The movement is small, just a little twisting within the hips. However like a tremor earlier than an earthquake, it alerts bigger shifts. Quickly, drums kick in and dancers explode into percussive motion — shaking, undulating, whacking the air with the power of these drums.
Fantastic moments like this recur in “Accommodating Lie,” the hourlong work that the Afro-Colombian company Sankofa Danzafro has introduced for its return to the Joyce Theater this week. And people explosions of reside drumming and dancing reawaken a stage that the Omicron surge had stored darkish and quiet since late December.
However because the work’s title suggests, Rafael Palacios, the corporate’s director and choreographer, has extra in thoughts. A program notice characterizes the work as a “highly effective name for consciousness” that seeks to dismantle stereotypes “about and round” the Black physique, addressing the sexualization and exotification of individuals of African descent throughout centuries of slavery and racism.
A number of occasions, the dancers line up throughout the stage and a vocalist begins calling out costs in Spanish. It’s an public sale, connecting this efficiency, this show of Black our bodies, to the slave commerce.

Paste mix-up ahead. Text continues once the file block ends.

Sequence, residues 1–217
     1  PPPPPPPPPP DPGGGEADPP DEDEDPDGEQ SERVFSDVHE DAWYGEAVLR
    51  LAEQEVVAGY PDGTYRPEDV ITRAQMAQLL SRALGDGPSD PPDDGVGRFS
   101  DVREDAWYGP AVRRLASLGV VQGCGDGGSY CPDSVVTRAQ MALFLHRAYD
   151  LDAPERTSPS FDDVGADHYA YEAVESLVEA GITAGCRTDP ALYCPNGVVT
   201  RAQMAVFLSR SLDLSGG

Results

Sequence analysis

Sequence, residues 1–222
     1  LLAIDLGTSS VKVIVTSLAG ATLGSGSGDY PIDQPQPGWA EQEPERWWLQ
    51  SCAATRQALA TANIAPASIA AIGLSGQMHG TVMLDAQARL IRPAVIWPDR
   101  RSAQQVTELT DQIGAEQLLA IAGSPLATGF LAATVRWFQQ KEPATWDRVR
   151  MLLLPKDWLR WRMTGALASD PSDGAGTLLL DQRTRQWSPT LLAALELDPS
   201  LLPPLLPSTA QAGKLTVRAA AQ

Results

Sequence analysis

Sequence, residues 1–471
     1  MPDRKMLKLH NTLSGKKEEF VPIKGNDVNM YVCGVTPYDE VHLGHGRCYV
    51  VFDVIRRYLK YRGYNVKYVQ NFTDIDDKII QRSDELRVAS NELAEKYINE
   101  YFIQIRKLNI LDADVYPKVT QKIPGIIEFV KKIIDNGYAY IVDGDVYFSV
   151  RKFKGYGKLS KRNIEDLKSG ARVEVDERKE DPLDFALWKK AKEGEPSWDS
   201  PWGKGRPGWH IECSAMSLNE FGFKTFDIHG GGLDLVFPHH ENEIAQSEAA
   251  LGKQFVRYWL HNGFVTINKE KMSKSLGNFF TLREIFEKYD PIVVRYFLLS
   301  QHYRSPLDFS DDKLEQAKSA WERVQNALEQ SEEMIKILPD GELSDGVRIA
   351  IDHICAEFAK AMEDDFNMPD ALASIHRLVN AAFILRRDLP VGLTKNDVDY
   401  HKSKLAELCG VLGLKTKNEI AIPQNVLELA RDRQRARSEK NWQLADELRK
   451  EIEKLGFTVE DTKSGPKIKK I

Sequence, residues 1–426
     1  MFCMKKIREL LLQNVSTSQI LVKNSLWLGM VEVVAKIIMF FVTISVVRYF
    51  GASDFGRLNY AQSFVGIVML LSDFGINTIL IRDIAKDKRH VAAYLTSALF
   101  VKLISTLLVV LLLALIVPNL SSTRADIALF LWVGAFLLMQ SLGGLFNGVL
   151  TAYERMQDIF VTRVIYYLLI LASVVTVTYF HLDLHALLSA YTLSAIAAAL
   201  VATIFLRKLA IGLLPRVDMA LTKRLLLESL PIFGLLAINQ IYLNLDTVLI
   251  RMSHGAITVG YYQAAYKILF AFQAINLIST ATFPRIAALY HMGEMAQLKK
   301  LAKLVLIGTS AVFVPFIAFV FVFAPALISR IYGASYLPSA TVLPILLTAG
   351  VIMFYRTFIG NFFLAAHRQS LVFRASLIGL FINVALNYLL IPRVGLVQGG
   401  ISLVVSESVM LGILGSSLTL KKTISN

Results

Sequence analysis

But the auctioneer’s voice, nested in drums, is so quiet and unemphatic that you would virtually miss it. That’s attribute of this manufacturing, whose message and supply are each curiously muted.
A lot of the symbolism comes by means of scenic design (by Álvaro Tobón), beginning with the curtain on the rear of the stage, made from straw like that used within the skirts as soon as worn by enslaved Afro-Colombian folks. By this barrier, the dancers enter and exit, the entangling strands often clinging to their our bodies. A few of them additionally put on these skirts, tugging on the twine to point out how they chafe. Or a dancer may path extra rope, like a leash held by different performers who wind it round her in maypole style.
The dance proceeds in a sequence of episodes, gradual and stretched out earlier than they erupt, accompanied as a lot by quiet flute, lullabies and tick-tocking marimba as by batteries of percussion. A person who appears to battle unseen opponents roars and collapses. One other man picks him up, in a pietà-shaped cradle carry, then units him again down earlier than serving to him rise once more with a convulsive, windmilling, resurrecting dance.
Even such swells of depth, although, really feel just a little underpowered or flickering. Even because the energy of the African diasporic connection to the drum is augmented with a touch of hip-hop, one thing appears tentative, maybe withheld. Might this be a part of the message, a refusal to go full out for an viewers?
Or is that simply Sankofa’s type? The work does have a giant end. The complete forged of eight dancers advances in ranks, throwing down their most emancipatory, drum-driven steps after which staring down the viewers from the lip of the stage. The auctioneer begins up once more, now with increased costs. Going as soon as. Going twice. Offered.
By Sunday on the Joyce Theater, joyce.org.